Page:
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Here's what's coming in 2012 dining

November 7, 2011 | 10:56 am

Mochica

Rounding the final turn for 2011, it’s time for the annual parade of predictions to begin. What will we be eating next year? Look for more, different foods, including an emphasis on foraging wild foods and breakthrough years for Korean and Peruvian.

To make it short, the whole country is going to look a lot more like Southern California.
At least that’s what Baum + Whiteman are predicting, and they've been around long enough to know a thing or two. The restaurant consultancy founded by the late, legendary Joe Baum (Four Seasons, Windows on the World, Rainbow Room) is still being run by partners Michael Whiteman, Rozanne Gold and Dennis Sweeney.

Their predictions aren’t all foodie, and they’re not all positive. The No. 1 thing to look for in 2012? A lot of restaurant closings. “As the economy crawls sideways, like blue crabs at the shore, mom-and-pop eateries will be hit the hardest.” They predict 8,000 to 10,000 closings in 2012.

But on to the fun stuff.

  • Look for lots more diverse ethnic and regional flavor influences, and look for lots of smaller restaurants to embrace them as a way to differentiate themselves from the mainstream.
  • That will include lots of different breads, such as arepas, waffles, bao and tostones.
  • There’ll be a continuing growth of interest in offal — those so-far under-used parts of the animal such as gizzards, tongue, pigs ears, tripe and livers.
  • House-made pickles will also continue to be popular (and certainly using vegetables way beyond the familiar cucumber).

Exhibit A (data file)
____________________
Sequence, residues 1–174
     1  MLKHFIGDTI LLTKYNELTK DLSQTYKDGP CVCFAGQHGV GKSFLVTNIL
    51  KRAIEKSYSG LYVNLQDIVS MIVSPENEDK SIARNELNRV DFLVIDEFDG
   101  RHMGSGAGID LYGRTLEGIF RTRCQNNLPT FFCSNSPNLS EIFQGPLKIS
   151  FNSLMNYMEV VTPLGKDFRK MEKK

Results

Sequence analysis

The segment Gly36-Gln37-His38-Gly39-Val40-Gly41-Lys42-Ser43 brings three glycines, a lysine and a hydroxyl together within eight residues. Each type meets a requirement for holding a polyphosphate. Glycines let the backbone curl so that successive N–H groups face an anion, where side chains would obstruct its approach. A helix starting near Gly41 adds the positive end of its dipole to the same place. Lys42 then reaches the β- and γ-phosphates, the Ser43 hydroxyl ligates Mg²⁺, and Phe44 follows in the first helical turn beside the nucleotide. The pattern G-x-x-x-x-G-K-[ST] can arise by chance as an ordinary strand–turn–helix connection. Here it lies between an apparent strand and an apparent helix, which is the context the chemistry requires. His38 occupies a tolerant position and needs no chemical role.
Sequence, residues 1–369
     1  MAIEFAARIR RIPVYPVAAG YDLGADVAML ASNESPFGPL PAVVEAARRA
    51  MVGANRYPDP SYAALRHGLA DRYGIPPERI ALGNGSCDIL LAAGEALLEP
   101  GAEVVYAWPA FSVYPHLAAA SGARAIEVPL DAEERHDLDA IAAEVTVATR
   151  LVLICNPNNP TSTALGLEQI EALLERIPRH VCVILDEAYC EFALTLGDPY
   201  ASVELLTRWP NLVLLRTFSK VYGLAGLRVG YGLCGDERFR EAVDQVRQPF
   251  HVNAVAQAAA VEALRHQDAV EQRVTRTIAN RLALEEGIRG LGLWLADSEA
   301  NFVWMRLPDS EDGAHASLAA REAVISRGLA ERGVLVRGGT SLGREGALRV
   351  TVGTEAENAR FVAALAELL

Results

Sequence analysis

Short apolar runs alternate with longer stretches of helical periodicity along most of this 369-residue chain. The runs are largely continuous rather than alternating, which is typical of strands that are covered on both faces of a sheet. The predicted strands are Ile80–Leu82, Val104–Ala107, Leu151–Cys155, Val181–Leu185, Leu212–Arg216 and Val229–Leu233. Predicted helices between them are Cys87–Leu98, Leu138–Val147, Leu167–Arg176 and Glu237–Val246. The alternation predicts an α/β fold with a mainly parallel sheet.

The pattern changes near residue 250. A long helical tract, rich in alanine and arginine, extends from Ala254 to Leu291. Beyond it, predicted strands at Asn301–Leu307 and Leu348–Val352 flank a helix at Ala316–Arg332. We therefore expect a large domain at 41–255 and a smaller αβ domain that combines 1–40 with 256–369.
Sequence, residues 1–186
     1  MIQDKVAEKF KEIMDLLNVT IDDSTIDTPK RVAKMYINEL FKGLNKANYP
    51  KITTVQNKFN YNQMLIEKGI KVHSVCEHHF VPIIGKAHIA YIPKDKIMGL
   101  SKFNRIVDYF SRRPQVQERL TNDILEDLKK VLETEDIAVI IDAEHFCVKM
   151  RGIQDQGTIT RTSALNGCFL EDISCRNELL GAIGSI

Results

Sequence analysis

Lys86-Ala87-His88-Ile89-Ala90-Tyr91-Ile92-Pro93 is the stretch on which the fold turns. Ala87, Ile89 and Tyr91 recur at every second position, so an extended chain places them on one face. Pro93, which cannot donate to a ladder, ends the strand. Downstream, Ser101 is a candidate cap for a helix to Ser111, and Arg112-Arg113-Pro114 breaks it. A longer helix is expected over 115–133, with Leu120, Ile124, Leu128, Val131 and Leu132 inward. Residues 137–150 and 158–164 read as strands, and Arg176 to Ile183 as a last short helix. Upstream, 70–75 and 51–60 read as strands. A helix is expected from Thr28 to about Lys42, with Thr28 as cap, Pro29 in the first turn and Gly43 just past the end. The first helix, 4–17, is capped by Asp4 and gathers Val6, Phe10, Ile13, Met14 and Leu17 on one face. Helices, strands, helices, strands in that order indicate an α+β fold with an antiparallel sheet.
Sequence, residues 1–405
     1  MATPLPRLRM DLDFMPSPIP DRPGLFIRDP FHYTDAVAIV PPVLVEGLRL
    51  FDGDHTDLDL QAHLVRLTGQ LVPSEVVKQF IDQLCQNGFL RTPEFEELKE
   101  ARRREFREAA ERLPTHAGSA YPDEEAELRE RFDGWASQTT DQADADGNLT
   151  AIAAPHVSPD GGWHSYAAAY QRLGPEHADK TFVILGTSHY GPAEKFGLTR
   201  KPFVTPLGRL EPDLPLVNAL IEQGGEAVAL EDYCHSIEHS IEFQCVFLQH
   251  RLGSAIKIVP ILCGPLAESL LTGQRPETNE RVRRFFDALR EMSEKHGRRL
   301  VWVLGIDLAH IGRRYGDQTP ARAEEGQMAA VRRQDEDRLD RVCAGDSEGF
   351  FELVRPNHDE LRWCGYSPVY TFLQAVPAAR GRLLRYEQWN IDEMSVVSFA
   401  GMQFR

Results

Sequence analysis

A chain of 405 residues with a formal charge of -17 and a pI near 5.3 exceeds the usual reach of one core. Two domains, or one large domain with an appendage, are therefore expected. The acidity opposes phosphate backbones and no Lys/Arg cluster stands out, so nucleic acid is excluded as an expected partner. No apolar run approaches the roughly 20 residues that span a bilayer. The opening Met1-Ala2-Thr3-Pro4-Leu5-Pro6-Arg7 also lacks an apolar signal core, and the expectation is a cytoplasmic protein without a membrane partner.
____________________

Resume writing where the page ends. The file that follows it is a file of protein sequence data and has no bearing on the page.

• Korean is going to be big. “Bulgogi, kimchi, kalbi, bibim bap are all the rage in … food sections, which means that shelter magazines will start running dumbed-down recipes.”
  • Peruvian is on its way as well, as the “source of the world’s most exciting ceviches and tiraditos.”
  • Drink-friendly fried finger foods such as arancini, goat-cheese balls, meat balls and bacalao croquettes.
  • Beer gardens.
  • Fewer food trucks as operators, having established their brands, move into the mainstream with brick-and-mortar stores.
  • Baum + Whiteman also predict the following will be among food buzzwords next year: Fresh sardines, uni, yuzu, oxtail, duck, hand-made ricotta and burrata, kalbi, bone marrow, hibiscus, arepas, goat meat, micro-distilleries and seaweed.

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Photo: Seco de cordero (lamb shank in beer broth) at Peruvian restaurant Mo-Chica in Los Angeles. Credit: Ken Hively/Los Angeles Times

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